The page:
Uganda taxman, MTN back to court over tax dispute

Wednesday January 04 2017

MTN mobile money transfer outlets in Kampala. The Uganda Revenue Authority is adamant that the outstanding amount accumulated over a period of years, where MTN allegedly under-declared earnings from sale of mobile money transactions must be paid. FILE PHOTO | MORGAN MBABAZI

A court order restraining Uganda Revenue Authority (URA) from recovering over $90 million from MTN bank accounts is fast running out, setting the stage for trial of two separate court cases involving one of Uganda’s top taxpayer and the taxman.  

Suing under MTN Sea Shared Services Ltd (MTN SSS), MTN denies liability to pay taxes amounting to $89.6 million and another $528,000, which according to URA, accrued from under-declaration of earnings on the lucrative Mobile Money, and information technology services provided to MTN Uganda between December 2015 and February 2016 by its mother company MTN Sea Shared Services (MTN SSS) Ltd.

“…An interim order is hereby issued against the respondent (URA) and her agents or servants restraining the enforcement of tax collection measures in respect of tax assessment demand for Ush326,990,917 ($89.6 million) against the applicant (MTN) until January 13, 2017 when the main application for temporal injunction is heard and determined,” reads part of the order.

The court’s registrar Vincent Mugabo issued the time-bound order on December 7, 2016.

MTN denies liability and asks the court to issue a permanent injunction stopping URA from taking any steps to enforce payment of the assessed taxes.

However, the tax collector is adamant that the outstanding amount, accumulated over a period of years, where MTN allegedly under-declared earnings from sale of mobile money transactions, must be paid.


Sources familiar with the dispute reveal that a fraud case filed by MTN against some of its staff working on the Mobile Money platform gifted the taxman a rare insight into the mobile communication giant’s large income.

In the case, MTN accused some of its staff of embezzling upwards of $2.7million in 2011 when Mobile Money had been operating for only two years.

URA is understood to have closely followed the court case, comparing revelations about revenues with declarations made for tax purposes, before deciding to ambush the telecommunications company with a four-year tax assessment.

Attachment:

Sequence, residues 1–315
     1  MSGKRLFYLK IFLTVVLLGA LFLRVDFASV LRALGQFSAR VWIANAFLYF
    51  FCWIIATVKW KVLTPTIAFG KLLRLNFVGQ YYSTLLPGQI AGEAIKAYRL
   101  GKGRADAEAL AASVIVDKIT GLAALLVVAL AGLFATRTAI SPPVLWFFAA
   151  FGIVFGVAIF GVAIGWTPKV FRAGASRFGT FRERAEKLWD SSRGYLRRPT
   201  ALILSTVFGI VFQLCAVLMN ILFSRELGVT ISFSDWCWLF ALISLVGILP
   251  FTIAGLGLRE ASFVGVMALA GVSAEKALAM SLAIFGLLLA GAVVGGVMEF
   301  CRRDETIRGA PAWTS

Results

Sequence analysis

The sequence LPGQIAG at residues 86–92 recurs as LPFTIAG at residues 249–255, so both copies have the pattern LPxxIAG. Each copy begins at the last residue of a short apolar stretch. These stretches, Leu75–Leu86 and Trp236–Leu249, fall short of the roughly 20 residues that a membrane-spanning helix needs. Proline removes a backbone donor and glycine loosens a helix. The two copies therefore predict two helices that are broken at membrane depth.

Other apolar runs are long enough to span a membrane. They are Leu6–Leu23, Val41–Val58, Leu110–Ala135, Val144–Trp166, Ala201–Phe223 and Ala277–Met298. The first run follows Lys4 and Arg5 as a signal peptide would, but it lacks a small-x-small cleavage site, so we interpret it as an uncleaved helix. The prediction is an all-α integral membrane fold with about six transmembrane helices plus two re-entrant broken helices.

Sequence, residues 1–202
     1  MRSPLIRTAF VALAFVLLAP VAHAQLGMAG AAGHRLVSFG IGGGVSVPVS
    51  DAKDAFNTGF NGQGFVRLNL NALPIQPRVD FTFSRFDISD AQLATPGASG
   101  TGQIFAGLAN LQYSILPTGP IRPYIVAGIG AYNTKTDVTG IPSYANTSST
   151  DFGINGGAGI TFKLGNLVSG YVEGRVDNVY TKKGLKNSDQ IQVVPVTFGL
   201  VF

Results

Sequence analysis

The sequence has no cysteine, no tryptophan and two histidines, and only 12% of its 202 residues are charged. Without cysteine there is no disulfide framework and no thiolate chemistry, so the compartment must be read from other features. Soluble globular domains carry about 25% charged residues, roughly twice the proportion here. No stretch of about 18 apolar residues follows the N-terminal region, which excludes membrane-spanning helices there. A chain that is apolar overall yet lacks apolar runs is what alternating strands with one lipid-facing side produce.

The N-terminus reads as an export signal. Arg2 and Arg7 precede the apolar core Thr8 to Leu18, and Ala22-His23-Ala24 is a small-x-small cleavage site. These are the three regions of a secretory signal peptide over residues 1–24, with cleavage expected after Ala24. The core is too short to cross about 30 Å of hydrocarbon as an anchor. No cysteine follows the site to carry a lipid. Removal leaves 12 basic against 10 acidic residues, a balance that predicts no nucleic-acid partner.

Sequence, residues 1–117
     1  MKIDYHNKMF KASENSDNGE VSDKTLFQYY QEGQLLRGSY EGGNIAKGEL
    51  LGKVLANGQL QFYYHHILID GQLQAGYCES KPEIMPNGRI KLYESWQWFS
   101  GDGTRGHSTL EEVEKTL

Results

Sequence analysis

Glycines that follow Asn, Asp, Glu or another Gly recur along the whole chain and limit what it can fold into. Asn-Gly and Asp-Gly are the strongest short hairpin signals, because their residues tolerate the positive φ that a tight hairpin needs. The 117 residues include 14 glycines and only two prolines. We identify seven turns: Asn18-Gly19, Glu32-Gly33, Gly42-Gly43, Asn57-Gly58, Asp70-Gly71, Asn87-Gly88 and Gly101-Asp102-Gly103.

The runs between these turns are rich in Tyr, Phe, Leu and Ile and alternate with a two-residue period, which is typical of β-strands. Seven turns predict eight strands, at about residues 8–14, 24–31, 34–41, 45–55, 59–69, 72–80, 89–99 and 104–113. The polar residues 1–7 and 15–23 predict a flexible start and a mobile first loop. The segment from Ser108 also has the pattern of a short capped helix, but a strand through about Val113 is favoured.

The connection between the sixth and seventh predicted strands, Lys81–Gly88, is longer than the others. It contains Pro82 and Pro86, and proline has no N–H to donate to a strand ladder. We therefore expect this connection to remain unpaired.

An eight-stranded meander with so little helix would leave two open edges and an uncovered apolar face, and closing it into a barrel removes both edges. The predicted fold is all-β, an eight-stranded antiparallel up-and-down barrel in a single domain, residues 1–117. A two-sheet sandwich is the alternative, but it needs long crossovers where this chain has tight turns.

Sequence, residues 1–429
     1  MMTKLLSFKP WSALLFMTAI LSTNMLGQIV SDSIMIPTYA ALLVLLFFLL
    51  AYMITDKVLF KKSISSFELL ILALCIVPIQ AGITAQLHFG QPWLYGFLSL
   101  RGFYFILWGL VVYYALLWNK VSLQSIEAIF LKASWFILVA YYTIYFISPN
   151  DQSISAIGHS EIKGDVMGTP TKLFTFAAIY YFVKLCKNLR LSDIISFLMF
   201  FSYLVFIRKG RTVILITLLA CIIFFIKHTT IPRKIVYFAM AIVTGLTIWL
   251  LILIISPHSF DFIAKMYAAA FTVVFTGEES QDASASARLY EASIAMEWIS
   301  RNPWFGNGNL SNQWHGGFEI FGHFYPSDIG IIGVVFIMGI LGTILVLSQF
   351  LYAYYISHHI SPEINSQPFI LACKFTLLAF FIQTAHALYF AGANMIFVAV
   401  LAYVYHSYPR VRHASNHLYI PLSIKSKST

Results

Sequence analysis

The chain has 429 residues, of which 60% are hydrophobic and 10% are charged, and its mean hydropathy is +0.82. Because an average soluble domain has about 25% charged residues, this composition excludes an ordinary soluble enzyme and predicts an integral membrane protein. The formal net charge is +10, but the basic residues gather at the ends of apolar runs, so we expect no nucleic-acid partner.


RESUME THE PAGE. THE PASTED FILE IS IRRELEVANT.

URA assessed the taxes and presented a demand note to MTN that required the latter to clear the outstanding amount by November 25, 2016 or URA would attach its monies held in bank accounts under a garnishee order. This demand forced MTN to seek court protection.

The EastAfrican has learnt that the two parties are locked in a separate court case involving some $528,000, which accrued from IT services to MTN Uganda. MTN is challenging the August 11, 2016 demand note.

According to URA, a comparison of tax inputs by a team from URA and another team from MTN established that MTN had not declared some invoices worth $528,000. The money continues to attract two per cent interest penalty.

“Our ground for objection is that MTN SSS did not provide IT services to MTN Uganda to merit declaration of output in the returns… At that time the operation of MTN SSS had been transferred to MTN Uganda and there was  no transaction between the companies,” wrote Plaxeda Namirimu, associate director –tax service at PricewaterhouseCoopers (PwC), MTN’s tax consultants.

“We therefore request that you vacate the assessment of $528,000 based on the grounds of objection above,” reads MTN’s correspondence to URA.

URA however insists that MTN Uganda is a 96 per cent-owned subsidiary of MTN Group held through MTN International (Mauritius), with the sole purpose of providing regional IT services to MTN Group operations in Uganda, Rwanda, Swaziland and Zambia. 

To build its case, URA wrote to Uganda Registration Services Bureau in September 2016 seeking information regarding the status of MTN SSS.

The bureau document shows that MTN SSS was incorporated on December 20, 2011, as a local company limited by shares.

URA then invited MTN for meeting to discuss the tax in question. It also requested that MTN carries along several documents.

MTN officials made no appearance according to URA. Instead, PwC communicated.

“We bring to your attention that MTN Sea Shared Services Limited is a dormant company, it has not wound up. Owing to this fact, the documents requested for by URA are not available,” Namirimu wrote on October 10, 2016.

In another move PwC wrote to URA seeking a private ruling on tax treatment upon merger between MTN SSS and MTN Uganda. URA objected to the request on grounds that MTN SSS is still in existence and there was never a written communication to the tax collector in respect to a merger.

The court is yet to fix a hearing date.